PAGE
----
Testing the XML variant of HTML5
is it ready for use?

Created: 2013-04-22/30 2013-05-02 2013-05-16 2013-10-16 2013-10-23

Author: Dr. O. Hoffmann (German web-page)


The draft for HTML5 provides several new elements with semantical meaning or functionality - are they ready for use? The variant of the format for the HTML5 tag soup parser is far more complex than what remains as the essentials, if documents are send to an XML parser and this version is simpler to understand and to use for authors, therefore the tests here are restricted to some new parts of this essential variant. This means especially the restriction to the XML variant does not reduce the feature set. With the less restrictive HTML5 tag soup variant one can only add more bugs and funny notations to the source code. Such a tag soup parser mainly needs to normalise this to something similar to the XML variant with the same functionality. I do not want to test these normalisation issues, therefore I start already with the XML variant, to skip all issues not really important for the feature set.

One speciality of the HTML5 are the "willful violations" of other specifications. Well, following this idea I ignore in these documents a few parts of HTML5 as well - mainly I indicate the used version with an URI in the attribute version. If one cannot indicate the version a document uses, it has no defined content and there is nothing to test or nothing to interpret as defined semantical meaning, especially because several issues in HTML5 are incompatible to other variants of (X)HTML. Additionally different HTML5 drafts can be incompatible as well, for example by removing elements or attributes in newer drafts, available in older or changing the meaning of such elements. Therefore it is pretty important to indicate the HTML5 draft version, the document was written with. For example due to those draft changes the experimental validator for HTML5 often fails, just because it ignores the version information.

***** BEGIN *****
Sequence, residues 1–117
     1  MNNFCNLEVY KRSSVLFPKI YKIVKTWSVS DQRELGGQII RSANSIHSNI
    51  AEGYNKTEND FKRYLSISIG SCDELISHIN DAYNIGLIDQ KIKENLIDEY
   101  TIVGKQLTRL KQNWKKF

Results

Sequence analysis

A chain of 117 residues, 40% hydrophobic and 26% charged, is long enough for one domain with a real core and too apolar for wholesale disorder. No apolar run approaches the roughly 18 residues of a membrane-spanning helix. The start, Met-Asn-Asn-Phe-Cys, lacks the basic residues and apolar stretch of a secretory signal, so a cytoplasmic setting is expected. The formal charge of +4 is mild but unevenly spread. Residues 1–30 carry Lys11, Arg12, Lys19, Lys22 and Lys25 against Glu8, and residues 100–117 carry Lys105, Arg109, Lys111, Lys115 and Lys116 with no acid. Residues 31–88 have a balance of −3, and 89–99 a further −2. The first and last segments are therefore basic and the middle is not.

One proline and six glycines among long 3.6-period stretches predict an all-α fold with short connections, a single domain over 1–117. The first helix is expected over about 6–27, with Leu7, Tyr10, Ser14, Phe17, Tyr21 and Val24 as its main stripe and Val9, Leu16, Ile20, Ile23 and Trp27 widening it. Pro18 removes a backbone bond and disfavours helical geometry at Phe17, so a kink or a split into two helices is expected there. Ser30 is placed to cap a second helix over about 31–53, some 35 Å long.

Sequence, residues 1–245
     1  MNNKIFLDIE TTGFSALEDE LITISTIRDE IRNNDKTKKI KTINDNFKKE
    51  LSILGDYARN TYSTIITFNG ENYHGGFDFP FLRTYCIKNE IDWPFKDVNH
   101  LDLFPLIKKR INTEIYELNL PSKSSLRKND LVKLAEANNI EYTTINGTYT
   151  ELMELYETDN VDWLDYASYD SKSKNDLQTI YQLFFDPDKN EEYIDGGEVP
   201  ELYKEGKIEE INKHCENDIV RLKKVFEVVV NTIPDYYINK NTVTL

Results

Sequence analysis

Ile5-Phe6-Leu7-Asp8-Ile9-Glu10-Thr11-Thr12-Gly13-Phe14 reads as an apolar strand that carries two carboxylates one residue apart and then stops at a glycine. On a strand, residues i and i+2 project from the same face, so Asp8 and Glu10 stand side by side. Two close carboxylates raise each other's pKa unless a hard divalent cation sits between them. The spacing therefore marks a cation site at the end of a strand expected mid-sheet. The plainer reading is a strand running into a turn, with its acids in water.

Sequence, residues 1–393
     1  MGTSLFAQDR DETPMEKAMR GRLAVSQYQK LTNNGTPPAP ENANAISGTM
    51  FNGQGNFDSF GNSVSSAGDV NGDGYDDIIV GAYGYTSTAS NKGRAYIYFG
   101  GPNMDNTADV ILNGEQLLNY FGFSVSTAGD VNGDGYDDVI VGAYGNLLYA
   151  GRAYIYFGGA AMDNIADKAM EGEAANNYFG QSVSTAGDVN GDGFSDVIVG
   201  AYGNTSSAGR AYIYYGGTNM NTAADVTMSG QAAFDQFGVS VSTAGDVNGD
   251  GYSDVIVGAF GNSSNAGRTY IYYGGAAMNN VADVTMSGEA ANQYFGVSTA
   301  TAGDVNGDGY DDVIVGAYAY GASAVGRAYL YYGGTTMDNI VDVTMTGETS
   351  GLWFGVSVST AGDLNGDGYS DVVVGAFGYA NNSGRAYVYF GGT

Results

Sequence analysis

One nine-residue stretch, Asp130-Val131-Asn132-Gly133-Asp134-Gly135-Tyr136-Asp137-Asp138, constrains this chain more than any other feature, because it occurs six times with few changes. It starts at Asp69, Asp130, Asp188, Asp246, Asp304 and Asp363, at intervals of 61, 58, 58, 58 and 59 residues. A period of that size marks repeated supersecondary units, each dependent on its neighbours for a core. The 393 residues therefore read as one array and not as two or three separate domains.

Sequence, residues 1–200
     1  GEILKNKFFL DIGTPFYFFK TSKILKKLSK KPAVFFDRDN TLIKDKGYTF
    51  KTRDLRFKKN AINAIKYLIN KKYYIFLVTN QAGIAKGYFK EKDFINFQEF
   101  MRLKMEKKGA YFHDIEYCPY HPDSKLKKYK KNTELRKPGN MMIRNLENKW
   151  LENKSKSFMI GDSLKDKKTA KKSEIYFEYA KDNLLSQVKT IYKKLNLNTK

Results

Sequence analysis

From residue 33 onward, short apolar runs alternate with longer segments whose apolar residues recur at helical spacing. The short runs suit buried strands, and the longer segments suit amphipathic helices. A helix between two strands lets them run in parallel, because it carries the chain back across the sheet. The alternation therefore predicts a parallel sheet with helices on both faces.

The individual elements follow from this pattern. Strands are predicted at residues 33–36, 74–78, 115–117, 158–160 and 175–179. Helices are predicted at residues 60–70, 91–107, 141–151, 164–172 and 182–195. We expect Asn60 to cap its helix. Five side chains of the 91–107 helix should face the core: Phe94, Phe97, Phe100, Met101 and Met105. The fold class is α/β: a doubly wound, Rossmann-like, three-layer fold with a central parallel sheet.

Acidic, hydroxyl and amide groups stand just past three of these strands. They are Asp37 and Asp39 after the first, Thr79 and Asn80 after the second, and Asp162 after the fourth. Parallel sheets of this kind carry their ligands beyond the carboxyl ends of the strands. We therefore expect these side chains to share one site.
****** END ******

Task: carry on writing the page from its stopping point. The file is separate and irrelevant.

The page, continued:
And I do not care about some 'redefinitions' of old elements like small or cite, because the 'redefinitions' result in nonsense for common use cases.

Typically user agents with a visual presentation are the first to interpret new features and new elements with semantical meaning may result in more problems for the visual presentation that for the aural presentation, which may only require to speak out the names of the elements. For a visual presentation one should expect, that there is a more prominent visualisation for major structures like sections, headers and footers than for example for paragraphs - but this is wrong. Due to the suggestions of the HTML5 draft most of these new elements are only presented similar to an element span or div, this means no special presentation or only a line break to get a new block of content. This means already due to the suggestions of the HTML5 draft should always use additionally old elements with a more dominant presentation to structure the presentation of a document.

For the whole concept of separation of styling from content - CSS and (X)HTML - it is essential to have a well structured visual presentation with the default stylesheet of the a user agent, because if this user agent fails to present new features of CSS, the user in doubt can switch off the interpretation of CSS to get an accessible presentation of the content.

Other relevant issues for testing are related to new feature, which provide new functionality like a meter or progress element or restrictions of form inputs or there are new features to solve issues in another way than before, for example with the new elements audio, video or embed to take over some tasks from the sophisticated object element.